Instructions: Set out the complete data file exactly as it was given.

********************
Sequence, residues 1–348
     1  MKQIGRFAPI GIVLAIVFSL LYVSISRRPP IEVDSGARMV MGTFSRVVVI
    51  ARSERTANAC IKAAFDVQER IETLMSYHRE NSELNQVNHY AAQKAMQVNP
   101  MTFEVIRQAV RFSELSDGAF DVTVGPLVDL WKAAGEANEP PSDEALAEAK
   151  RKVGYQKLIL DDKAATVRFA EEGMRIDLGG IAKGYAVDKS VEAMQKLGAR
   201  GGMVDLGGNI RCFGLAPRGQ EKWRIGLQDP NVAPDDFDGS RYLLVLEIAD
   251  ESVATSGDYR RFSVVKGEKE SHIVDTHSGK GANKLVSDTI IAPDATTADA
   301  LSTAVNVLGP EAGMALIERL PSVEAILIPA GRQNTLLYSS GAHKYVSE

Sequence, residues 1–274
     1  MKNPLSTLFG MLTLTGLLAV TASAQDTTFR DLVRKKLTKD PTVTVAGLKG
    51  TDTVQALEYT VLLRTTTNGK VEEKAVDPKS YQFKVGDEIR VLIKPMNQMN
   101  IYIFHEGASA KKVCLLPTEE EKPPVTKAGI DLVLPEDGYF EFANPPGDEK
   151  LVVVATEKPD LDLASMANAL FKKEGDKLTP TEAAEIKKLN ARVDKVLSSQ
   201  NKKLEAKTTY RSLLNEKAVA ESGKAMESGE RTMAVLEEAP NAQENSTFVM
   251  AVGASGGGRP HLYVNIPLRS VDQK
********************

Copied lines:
Sequence, residues 1–348
     1  MKQIGRFAPI GIVLAIVFSL LYVSISRRPP IEVDSGARMV MGTFSRVVVI
    51  ARSERTANAC IKAAFDVQER IETLMSYHRE NSELNQVNHY AAQKAMQVNP
   101  MTFEVIRQAV RFSELSDGAF DVTVGPLVDL WKAAGEANEP PSDEALAEAK
   151  RKVGYQKLIL DDKAATVRFA EEGMRIDLGG IAKGYAVDKS VEAMQKLGAR
   201  GGMVDLGGNI RCFGLAPRGQ EKWRIGLQDP NVAPDDFDGS RYLLVLEIAD
   251  ESVATSGDYR RFSVVKGEKE SHIVDTHSGK GANKLVSDTI IAPDATTADA
   301  LSTAVNVLGP EAGMALIERL PSVEAILIPA GRQNTLLYSS GAHKYVSE

Sequence, residues 1–274
     1  MKNPLSTLFG MLTLTGLLAV TASAQDTTFR DLVRKKLTKD PTVTVAGLKG
    51  TDTVQALEYT VLLRTTTNGK VEEKAVDPKS YQFKVGDEIR VLIKPMNQMN
   101  IYIFHEGASA KKVCLLPTEE EKPPVTKAGI DLVLPEDGYF EFANPPGDEK
   151  LVVVATEKPD LDLASMANAL FKKEGDKLTP TEAAEIKKLN ARVDKVLSSQ
   201  NKKLEAKTTY RSLLNEKAVA ESGKAMESGE RTMAVLEEAP NAQENSTFVM
   251  AVGASGGGRP HLYVNIPLRS VDQK